Date: The 1075th year of the reign of the Demon Emperor
An arrow smacked into the mud in front of Hui’s nose, and she blinked. She suddenly came to the realization that the entire left side of her face was pressed down into the muddy street. Her head was spinning like a top.
She heard the sounds of fighting. Clashing metal. Screaming.
Pain stabbed through her right eye all the way to her left temple, jolting her into lucidity.
She blinked again, then swiveled over and pushed herself up onto her knees. She saw chaos.
People were fighting everywhere. Suddenly, a bolt of lightning illuminated the night sky, followed by a clap of thunder which reverberated in her ears.
A drop of rain hit her nose.
She slowly shook her head, trying to clear it, and that was when another arrow stabbed into the ground, this time next to her foot. Then another and another, eventually becoming a volley aimed directly at her.
Just as she was about to be turned into a pincushion, a blur emerged in front of her, and someone grabbed her by the shoulder. She saw a sword spinning through the air to deflect the oncoming arrows.
“Get her out of here!” she heard someone shout, and whoever had grabbed her arm pulled her off her feet.
Suddenly her vision blurred again, and she felt herself being thrown over a shoulder. Her head smacked against someone’s back, who then began to run at top speed.
At this point, she started to come to her senses.
The sword, she thought. Where is it?!
“I have it,” the person responded. Only then did she realize that she had actually spoken those words aloud. The voice that responded to her belonged to a man, a man she recognized. “Just hold on,” he said. “I’ve got you.”
More running. Turns left and right and left and… she lost count, but as the man ran, her thoughts grew even clearer.
We were betrayed? By who? And… Bao Yang has the sword. Bao Yang? BAO YANG?!
She tried to turn her head to confirm the identity of the man who was carrying her. She was almost sure it was Bao Yang but then again, it was hard to say.
Bao Yang has the sword… and ME?!
Hui’s teeth started to chatter. Everything was falling apart. All the plans. All the training. It was… for nothing?
All of a sudden, she felt herself swinging off of Bao Yang’s shoulder, and then she plopped down onto a hard surface. A box, a crate of some sort. She looked around. They were in an underground chamber or warehouse. She heard running water and saw the glow of torches. Somewhere in the background, she was sure she could detect the chatter of rats and mice.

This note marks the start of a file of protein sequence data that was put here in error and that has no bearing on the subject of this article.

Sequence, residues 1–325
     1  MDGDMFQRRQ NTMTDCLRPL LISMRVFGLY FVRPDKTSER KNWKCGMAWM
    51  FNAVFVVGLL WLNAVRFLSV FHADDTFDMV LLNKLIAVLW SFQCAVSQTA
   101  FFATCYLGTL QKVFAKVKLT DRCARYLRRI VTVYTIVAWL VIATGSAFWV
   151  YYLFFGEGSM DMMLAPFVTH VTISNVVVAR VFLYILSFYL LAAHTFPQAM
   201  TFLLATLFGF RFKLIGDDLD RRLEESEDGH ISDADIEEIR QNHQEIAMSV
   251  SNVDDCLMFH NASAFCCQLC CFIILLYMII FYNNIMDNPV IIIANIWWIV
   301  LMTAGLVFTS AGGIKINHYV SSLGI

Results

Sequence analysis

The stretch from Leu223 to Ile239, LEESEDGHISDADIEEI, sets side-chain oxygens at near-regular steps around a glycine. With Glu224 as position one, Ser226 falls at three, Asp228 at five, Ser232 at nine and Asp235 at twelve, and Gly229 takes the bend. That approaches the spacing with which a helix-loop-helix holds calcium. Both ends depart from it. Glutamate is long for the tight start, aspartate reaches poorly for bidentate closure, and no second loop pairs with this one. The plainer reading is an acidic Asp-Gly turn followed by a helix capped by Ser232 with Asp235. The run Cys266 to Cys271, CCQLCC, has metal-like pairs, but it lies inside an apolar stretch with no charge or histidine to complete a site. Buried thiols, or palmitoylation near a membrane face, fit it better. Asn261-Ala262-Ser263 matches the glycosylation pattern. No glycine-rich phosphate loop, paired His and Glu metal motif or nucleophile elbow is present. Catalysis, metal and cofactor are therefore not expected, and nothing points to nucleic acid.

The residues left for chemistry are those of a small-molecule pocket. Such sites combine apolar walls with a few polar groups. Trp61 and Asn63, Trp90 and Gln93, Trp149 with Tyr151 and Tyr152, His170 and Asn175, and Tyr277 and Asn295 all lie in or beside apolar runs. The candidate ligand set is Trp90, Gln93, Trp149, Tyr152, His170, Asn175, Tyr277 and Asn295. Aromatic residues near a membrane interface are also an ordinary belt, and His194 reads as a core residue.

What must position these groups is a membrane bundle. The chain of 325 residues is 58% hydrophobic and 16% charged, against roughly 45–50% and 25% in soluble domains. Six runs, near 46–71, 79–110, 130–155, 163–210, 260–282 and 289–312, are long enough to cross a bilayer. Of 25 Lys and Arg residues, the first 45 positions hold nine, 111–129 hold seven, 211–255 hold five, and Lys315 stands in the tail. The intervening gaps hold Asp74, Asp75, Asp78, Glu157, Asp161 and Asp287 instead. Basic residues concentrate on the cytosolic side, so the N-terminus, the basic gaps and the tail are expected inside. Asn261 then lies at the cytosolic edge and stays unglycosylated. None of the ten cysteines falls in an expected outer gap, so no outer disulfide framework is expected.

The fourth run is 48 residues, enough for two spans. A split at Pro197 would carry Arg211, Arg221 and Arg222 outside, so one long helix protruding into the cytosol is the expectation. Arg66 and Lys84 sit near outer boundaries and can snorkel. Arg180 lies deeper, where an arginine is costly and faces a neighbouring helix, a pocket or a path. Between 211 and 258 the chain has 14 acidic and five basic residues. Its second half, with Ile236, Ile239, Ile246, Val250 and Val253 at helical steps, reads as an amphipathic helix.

Bao Yang crouched down in front of her. He was tall, powerfully built, with perpetually suspicious eyes. In his younger days he had been considered one of the top rising figures in the martial world, and had even managed to build a powerful criminal organization that controlled much of the southern reaches of the continent. In the end, he ran afoul of the Demon Emperor. Rumor had it that he had been forced to watch his wife and daughters be raped and beheaded, his lieutenants skinned alive, and his apprentices boiled to death.
After escaping somehow, he sold his services to the highest bidder as a mercenary. Although he was not a villain, he was no hero, and Hui happened to dislike him. What made it worse was that he shared the surname Bao with the most famous woman in history, Heroine Bao. Hui idolized Heroine Bao, and dreamed of accomplishing heroic deeds just like her.
Bao Yang looked her in the eye. “Are you clear-headed?” he asked. “You took a hard knock to the head.”
She put her fingers to her temples and rubbed them gingerly. “I’m fine,” she replied. “What are you going to do with me?”
His face was virtually expressionless as he stared back at her. “What do you think? Get this sword to your Master.”
Her brow furrowed. “But you… you’re….”
This time he frowned. “I’m what? Not one of you idealistic idiots? No, I’m not. But I’ll take any chance I can get to stick a thorn in the side of the Demon Emperor, and helping you people is exactly that. Plus, I have lots of money on the line here. Can you walk? Can you run?”
She rose to her feet and slowly shook out her hands and feet. “I can run.”
“Then let’s go.”
Bao Yang started running, and she followed. It was then that she noticed the cloth bundle strapped to his back, the bundle that until recently, she had been entrusted with. The sword. THAT sword.
That sword was the key to everything. It was the hope. The only hope.
Bao Yang had obviously taken it when she was knocked unconscious.
As she ran, her head cleared, and the pain from before faded into a dull throb. Her training took over, and she began to circulate her Qi. It took a while, but she got her bearings.
She knew these alleys. They were in Yu Zhing, an ancient city that went back thousands of years. Back to the time before the Demon Emperor came. Back before the world began its descent into darkness.
Some legends said that Heroine Bao was born in Yu Zhing, and Hui couldn’t help but wonder if she might have run down this very alley at one point in her life.
As she followed Bao Yang through the alleys, she quickly realized what he was doing. He was taking a circuitous route to their original destination, to the place where her Master awaited.
As she settled into the running, she focused her breathing and her thoughts. Perhaps the plan would still be carried out. If Bao Yang could really bring the sword to the underground temple, to her Master, if the ritual really could be carried out, then… perhaps things would change.
Twenty minutes later, they were in a wide corridor, in the middle of which was a channel filled with flowing water. The rain had clearly picked up outside.
“Everything look normal to you?” asked Bao Yang.